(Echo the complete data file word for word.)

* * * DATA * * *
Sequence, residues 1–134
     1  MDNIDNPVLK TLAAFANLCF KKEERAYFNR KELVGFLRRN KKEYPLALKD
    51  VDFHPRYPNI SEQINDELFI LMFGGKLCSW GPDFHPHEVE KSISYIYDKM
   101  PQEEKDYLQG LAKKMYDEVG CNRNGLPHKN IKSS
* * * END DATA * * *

Sequence, residues 1–134
     1  MDNIDNPVLK TLAAFANLCF KKEERAYFNR KELVGFLRRN KKEYPLALKD
    51  VDFHPRYPNI SEQINDELFI LMFGGKLCSW GPDFHPHEVE KSISYIYDKM
   101  PQEEKDYLQG LAKKMYDEVG CNRNGLPHKN IKSS